The Highlands - Highlands of Scotland , Scottish Highlands , Gaelic : A'Ghaidhealtachd - are the north-western area of Scotland . In addition to mountainous areas with a few Munros , treeless bogs characterize the Highlands over large parts .
The Highlands are delimited from the lower Central Lowlands by a line clearly recognizable from the air (the Highland Boundary Fault ), which runs southwest-northeast of Ardmore on the Firth of Clyde through southern Loch Lomond (Inchmurrin / Balmaha) and on to Stonehaven on the North Sea runs. The Highland administrative unit (Council Area) forms only part of the geographical Highlands.
The Highlands are by the tectonic ditch Great Glen ( glen is the Gaelic word for valley ) in the Northwest Highlands and Grampian Mountains divided. There are several lakes along the Great Glen , including a. Loch Ness . The highest mountain in the British Isles, Ben Nevis (1,345 m) is located in the Grampian Mountains.
The Highlands were less exposed to English influence than the Lowlands. As a result, they have retained their own cultural character more strongly. In particular, the clan structure in the Highlands is partly still alive or revived. Today this is also preserved for tourism. Their clans and whiskey production have made the Highlands world famous.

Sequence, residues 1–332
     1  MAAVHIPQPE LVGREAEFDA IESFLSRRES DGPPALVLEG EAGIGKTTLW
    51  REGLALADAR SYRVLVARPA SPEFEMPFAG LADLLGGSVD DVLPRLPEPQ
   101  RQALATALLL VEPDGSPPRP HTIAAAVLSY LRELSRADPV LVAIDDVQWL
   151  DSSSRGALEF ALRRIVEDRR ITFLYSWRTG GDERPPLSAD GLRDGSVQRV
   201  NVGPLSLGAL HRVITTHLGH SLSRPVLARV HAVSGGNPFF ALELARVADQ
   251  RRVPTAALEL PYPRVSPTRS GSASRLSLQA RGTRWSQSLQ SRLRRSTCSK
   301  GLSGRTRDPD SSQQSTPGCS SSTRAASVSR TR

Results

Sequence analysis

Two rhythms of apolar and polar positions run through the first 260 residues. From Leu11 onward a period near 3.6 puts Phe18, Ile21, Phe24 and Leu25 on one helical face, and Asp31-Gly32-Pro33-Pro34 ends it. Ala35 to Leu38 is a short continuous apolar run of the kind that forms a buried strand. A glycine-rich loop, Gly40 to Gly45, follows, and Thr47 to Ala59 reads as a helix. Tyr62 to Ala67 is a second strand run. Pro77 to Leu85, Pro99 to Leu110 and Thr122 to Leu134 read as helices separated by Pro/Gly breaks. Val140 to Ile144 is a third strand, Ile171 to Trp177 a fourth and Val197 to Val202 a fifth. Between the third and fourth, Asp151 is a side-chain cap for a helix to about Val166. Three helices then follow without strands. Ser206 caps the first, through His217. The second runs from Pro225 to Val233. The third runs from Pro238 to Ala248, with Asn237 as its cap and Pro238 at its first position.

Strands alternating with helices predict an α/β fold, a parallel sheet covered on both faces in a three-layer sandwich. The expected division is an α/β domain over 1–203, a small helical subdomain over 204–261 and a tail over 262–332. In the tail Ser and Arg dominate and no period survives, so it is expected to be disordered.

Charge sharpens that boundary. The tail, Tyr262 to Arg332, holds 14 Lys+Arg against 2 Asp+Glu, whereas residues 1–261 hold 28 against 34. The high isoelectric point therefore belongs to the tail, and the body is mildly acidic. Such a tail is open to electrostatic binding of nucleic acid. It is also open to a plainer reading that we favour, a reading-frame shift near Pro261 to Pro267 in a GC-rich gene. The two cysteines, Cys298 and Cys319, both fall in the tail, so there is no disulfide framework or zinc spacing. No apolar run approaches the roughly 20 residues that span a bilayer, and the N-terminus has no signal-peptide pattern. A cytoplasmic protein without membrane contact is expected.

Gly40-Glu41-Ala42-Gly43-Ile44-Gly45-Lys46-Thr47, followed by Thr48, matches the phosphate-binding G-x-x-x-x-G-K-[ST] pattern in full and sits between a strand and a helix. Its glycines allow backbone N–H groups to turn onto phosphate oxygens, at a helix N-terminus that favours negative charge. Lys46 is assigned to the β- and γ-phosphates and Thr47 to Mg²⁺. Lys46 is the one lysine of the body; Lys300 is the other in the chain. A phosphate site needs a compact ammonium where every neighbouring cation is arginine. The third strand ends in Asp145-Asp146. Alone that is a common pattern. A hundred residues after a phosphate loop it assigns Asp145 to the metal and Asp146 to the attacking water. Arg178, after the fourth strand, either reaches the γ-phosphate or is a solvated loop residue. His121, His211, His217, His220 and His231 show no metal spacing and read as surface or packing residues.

The fact that the vast Highlands are largely unwooded and unpopulated today is primarily a result of the Highland Clearances , the expulsion of the local population between 1762 and 1884.
The vast majority of Scottish whiskey is distilled in the Highlands region. As a whiskey region, the Highlands are often divided into the Northern, Western, Southern and Eastern Highlands and the Islands. Although geographically part of the Highlands, the Speyside whiskey region is considered separately and not counted as part of the Highlands whiskey region. At Speyside, however, the naming is not always uniform, as some distilleries in Speyside call their whiskey Highland Malt .
- Martin Rackwitz : Travels to Terra Incognita. The Scottish Highlands and Hebrides in Early Modern Travelers' Accounts c. 1600 to 1800 , 3 volumes. Waxmann Verlag, Münster 2007. ISBN 978-3-8309-1699-4 .